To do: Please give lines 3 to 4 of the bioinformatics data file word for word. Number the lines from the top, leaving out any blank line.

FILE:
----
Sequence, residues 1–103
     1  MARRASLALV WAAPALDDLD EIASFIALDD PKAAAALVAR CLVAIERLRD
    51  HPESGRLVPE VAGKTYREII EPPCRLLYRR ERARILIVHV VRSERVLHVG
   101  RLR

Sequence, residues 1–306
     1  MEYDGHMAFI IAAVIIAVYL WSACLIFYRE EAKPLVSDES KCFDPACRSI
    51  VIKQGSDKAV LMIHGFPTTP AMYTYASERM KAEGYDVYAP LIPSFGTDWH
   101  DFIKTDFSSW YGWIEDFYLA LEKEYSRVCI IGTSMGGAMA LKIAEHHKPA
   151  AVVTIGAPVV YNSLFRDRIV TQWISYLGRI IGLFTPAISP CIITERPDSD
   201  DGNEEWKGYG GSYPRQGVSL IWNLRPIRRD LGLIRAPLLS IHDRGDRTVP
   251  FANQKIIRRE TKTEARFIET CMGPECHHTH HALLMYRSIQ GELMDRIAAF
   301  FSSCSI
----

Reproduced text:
    51  HPESGRLVPE VAGKTYREII EPPCRLLYRR ERARILIVHV VRSERVLHVG
   101  RLR